Euler assigned the notation i to the square root of -1. Euler was largely responsible for making the formerly skeptical mathematical world comfortable with this “imaginary” number by describing the essential role it played in the field of analytical algebra. Euler’s facility with algebraic analysis carried into his explorations in the field of geometry. There was a general feeling among geometers in the eighteenth century that results derived from calculations involving algebraic symbols were less elegant than proofs made up primarily of logical constructions. Leave it to Euler, though, to intuit with his mind’s eye the geometric relationship within the elements of triangles that no other geometer, not even Euclid, had seen, and to use analytic geometry to prove this observation that might have defied proof without Cartesian analysis. This result is the discovery that every triangle has what is called the “Euler line” containing the circumcenter, the orthocenter, and the centroid, and the distance from the centroid to the orthocenter is exactly twice the distance from the orthocenter to the circumcenter. Here again is another beautiful and surprising result that delighted the mathematical aesthete while winning him over to the power of the newer computational innovations, in this case, algebraic analysis within the framework of the Cartesian coordinate system.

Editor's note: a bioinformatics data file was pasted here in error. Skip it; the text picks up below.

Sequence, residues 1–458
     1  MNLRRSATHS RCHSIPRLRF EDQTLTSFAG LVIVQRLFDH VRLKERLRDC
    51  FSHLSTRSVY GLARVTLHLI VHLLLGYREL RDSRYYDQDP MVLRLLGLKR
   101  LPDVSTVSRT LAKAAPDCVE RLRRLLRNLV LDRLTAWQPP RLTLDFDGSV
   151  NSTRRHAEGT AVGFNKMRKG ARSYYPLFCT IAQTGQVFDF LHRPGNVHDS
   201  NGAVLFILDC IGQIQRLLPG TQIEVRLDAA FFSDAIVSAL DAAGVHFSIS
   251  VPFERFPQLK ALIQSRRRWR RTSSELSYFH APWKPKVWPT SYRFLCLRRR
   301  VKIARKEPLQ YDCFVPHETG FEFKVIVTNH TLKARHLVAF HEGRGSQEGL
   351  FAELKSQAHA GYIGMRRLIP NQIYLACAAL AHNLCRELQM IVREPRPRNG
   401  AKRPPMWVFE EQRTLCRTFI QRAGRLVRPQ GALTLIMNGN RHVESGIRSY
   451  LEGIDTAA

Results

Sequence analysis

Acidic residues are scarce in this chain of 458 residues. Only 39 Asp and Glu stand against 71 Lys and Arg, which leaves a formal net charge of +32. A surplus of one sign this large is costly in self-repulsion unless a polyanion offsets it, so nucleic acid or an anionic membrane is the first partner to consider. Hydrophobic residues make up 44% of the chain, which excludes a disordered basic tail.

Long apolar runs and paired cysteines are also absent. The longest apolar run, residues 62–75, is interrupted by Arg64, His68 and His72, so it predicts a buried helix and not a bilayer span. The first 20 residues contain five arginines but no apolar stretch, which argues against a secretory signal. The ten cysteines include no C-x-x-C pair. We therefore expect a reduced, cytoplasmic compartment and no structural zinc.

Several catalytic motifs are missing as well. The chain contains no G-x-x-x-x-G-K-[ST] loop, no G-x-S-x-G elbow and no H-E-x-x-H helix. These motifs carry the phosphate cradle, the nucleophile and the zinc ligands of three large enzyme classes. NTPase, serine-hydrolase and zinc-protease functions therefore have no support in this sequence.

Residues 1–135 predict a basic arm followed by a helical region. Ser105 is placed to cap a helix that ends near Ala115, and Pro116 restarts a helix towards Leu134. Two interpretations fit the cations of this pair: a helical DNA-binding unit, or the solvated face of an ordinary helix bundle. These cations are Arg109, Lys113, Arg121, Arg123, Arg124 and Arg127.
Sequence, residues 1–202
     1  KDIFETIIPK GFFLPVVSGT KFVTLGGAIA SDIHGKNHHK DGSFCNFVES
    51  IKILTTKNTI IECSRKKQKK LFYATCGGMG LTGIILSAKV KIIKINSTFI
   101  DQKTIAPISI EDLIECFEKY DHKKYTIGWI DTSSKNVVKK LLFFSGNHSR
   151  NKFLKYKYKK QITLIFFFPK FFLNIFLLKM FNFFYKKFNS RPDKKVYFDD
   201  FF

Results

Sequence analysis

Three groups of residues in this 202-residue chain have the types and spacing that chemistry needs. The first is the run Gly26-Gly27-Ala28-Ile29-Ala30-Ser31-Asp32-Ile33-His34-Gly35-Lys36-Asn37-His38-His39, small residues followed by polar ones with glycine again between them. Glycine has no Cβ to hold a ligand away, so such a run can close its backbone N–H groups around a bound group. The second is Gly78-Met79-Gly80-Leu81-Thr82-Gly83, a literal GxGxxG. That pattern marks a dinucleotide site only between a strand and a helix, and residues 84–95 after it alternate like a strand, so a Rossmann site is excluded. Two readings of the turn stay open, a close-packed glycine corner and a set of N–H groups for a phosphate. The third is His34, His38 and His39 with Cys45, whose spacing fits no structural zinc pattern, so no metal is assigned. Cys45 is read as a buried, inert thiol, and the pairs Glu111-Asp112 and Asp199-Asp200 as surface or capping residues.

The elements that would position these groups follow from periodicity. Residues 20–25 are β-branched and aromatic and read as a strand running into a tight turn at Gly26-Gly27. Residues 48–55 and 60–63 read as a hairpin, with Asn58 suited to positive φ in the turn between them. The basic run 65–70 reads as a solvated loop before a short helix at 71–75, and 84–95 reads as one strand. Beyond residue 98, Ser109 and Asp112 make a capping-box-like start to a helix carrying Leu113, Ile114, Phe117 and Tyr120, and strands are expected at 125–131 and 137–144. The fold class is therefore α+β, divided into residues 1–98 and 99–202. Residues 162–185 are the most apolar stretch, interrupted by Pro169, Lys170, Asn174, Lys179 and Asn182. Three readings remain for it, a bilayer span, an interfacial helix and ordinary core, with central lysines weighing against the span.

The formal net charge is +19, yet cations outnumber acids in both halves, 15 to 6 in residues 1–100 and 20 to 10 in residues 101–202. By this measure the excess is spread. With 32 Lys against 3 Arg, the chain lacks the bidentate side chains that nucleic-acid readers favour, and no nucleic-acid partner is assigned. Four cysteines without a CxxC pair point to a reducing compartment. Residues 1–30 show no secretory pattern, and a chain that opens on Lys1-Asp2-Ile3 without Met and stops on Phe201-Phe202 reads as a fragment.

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## Article tags

### Article Author: Irene Athena

Wonderfully ordinary.

• ### 1 - duane

Jul 30, 2010 at 11:19 am

An article about Euler! Thank you. Fascinating. e^(i*pi)+1=0.

• ### 2 - Dr Dreadful

Jul 30, 2010 at 12:32 pm

Good piece, Irene. I'd never have dreamed, slouched over my desk in the maths classroom on a dreary Monday afternoon[mumble]ty years ago, that mathematics could be interesting!

• ### 3 - Irene Athena

Jul 30, 2010 at 3:42 pm

Post-prandial math classes are never a good idea. Pie yes, pi, no.

• ### 4 - John Wilson

Jul 30, 2010 at 4:11 pm

Good article! Interesting and lively.

• ### 5 - wet blanket

Jul 31, 2010 at 7:30 am

...the same serene guy who translated Benjamin Robins' work into German (with annotations) and helped advance the technology of warfare.

What a saint.

No, really. See May 24th on the Lutheran Calender.

(fun article, Irene)

• ### 6 - Irene Athena

Jul 31, 2010 at 12:56 pm

Thanks John. Wet Blanket, Scientia non habit inimicum prater Ignoratem. See the footnote at the bottom of page 2; you'll dig the irony. I will say this about that, though. He recommended Robins' book to King Frederick even after Robins had written a scathing review of his own.